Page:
Partners in long-term relationships need to live alongside one another whilst maintaining their own needs, goals and desires, which may conflict with each other. Conflict on its own does not damage a relationship, but the way a conflict is resolved can cause damage (Frey, Holley & L’Abate, 1979). Since disagreements and conflicts between people are inevitable, effective conflict resolution is critical to the maintenance of healthy relationships.
Many people have not had the opportunity to learn how to deal constructively with conflicts, disagreements and aggression (Bach, 1969). Some will have negative assumptions or associations concerning conflict, often stemming from early relationships. Unhelpful assumptions might include “conflict is bad and something that should be avoided”, “their needs are more important than mine”, “disagreements are dangerous”, or “only one person can win” (McKay, Davis & Fanning, 1995).
When faced with conflict, an individual’s underlying beliefs and assumptions are associated with different patterns of thinking and behaving. Some people may act aggressively in order to ‘win’, meaning that constructive solutions and compromises are difficult to find. Others may ‘shy away’ or withdraw from conflicts because they anticipate some form of unfair fighting, and in doing so they may not express or satisfy their needs.(Lingren & Herbert, 1999). Teaching ‘fair fighting’ strategies is a way to help people to effectively manage their interpersonal relationships.
To best understand fair fighting rules, it is helpful to contrast them with ‘unfair fighting’ and the kinds of behaviors many people recognize as unproductive. These include:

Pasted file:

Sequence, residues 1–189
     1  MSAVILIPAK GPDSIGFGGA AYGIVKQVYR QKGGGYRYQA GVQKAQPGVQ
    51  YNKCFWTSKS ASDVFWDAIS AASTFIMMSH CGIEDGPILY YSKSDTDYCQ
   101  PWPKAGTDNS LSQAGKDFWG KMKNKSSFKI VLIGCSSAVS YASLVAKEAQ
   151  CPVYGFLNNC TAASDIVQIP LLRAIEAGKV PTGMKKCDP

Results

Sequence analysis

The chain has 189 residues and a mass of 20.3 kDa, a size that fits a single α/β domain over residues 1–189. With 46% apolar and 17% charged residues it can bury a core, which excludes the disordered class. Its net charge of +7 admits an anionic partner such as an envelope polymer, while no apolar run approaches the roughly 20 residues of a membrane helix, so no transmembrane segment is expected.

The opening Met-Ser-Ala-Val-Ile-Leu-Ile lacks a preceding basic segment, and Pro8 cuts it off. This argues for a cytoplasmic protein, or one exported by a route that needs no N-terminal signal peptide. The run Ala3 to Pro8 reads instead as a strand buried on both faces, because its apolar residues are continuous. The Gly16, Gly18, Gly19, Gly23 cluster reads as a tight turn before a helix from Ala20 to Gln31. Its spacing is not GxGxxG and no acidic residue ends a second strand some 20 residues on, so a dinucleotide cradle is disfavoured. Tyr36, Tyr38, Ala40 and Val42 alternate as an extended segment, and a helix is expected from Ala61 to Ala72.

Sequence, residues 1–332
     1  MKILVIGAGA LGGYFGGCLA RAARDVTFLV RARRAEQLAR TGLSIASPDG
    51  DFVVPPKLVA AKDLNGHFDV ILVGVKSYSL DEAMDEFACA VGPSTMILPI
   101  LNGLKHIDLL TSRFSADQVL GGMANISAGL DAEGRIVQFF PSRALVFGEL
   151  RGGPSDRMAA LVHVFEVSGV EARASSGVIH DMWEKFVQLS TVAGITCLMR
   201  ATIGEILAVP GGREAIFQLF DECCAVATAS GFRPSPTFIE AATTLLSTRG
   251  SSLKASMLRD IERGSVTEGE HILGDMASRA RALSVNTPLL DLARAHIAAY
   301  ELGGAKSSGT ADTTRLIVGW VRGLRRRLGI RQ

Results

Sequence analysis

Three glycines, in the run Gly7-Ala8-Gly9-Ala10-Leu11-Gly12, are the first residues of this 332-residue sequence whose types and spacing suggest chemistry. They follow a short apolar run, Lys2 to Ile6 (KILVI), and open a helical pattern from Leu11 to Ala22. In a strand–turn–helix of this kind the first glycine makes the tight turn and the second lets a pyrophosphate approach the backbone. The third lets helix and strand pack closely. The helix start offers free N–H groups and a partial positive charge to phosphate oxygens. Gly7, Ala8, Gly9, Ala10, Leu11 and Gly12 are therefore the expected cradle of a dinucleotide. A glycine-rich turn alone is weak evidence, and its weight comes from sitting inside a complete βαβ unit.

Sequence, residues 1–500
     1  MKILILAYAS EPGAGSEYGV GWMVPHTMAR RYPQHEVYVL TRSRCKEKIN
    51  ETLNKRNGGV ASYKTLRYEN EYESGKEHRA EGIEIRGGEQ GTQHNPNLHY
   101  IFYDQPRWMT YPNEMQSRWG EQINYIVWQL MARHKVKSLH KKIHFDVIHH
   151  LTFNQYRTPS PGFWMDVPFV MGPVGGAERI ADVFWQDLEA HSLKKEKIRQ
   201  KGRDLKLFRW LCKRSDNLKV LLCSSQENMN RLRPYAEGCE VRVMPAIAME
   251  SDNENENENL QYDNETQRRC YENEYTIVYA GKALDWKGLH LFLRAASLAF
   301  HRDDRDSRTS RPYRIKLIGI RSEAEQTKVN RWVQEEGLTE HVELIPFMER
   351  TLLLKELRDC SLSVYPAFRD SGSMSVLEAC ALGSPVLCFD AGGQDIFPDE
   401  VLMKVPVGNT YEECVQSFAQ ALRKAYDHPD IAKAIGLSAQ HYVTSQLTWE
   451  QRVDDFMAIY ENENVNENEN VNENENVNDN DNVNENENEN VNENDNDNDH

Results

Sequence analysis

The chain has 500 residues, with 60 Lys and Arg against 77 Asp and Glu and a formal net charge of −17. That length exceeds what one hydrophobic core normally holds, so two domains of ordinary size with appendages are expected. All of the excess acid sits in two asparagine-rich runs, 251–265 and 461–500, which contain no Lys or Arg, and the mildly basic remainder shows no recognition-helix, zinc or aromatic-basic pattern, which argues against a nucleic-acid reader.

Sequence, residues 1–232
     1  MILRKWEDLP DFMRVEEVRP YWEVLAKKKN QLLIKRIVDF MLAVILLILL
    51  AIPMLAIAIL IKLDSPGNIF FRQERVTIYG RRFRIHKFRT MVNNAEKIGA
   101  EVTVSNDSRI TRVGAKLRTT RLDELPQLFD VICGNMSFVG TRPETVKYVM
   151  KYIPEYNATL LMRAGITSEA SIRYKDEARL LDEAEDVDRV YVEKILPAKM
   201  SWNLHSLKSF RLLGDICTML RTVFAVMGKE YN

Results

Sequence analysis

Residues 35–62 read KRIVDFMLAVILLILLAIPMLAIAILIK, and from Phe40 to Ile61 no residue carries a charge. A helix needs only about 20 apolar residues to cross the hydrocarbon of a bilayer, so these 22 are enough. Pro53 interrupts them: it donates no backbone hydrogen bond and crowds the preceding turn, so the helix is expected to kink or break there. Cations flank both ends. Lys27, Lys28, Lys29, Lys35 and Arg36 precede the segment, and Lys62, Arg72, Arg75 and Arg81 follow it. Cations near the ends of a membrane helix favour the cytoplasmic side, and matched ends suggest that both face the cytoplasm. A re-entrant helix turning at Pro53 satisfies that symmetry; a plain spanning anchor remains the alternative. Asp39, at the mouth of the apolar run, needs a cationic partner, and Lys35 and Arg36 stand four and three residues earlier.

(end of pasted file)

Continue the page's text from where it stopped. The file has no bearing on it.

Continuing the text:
- Blaming (“It’s your fault that everything is so messed up”).
- Bad timing (“We need to talk about this right now, even if we are both tired”).
- Making impossible demands (“You must change!”).
- Conflating multiple problems (“You never listen to me, you’re always making a mess at home, and you’re always looking at your phone when I want to talk…”).
- Insulting the other person (“You’re so stupid!”).
- Emotional escalation that can result in shouting, swearing, aggression or violence.
These kinds of ‘unfair’ behaviors get in the way of disagreeing constructively and working towards finding a solution. Some relationships have a negative and cyclical pattern of interaction each time a conflict arises, as disagreements are left unresolved and more emotional distance is created. Over time, this can lead to the partial or total breakdown of a relationship (Bach, 1969; Lingren, 1999; Nielsen, 2017).
“Teaching… couples how to talk more safely will often enable them to access deeper concerns later in therapy.” (Nielsen, 2017)
Fair fighting is based upon three principles (McKay, Davis & Fanning, 1995):
- Conflicts are unavoidable, and are acceptable.
- The needs of each person are equally important.
- It is possible for both people to win.
Fair fighting helps to improve and facilitate communication between people. It views conflict as healthy, necessary and an opportunity to increase intimacy between the people who disagree (Bach, 1969; Frey, Holley & L’Abate, 1979; Lingren, 1999). It encompasses different skills, laid down as ground rules that all parties should agree and adhere to when dealing with conflict: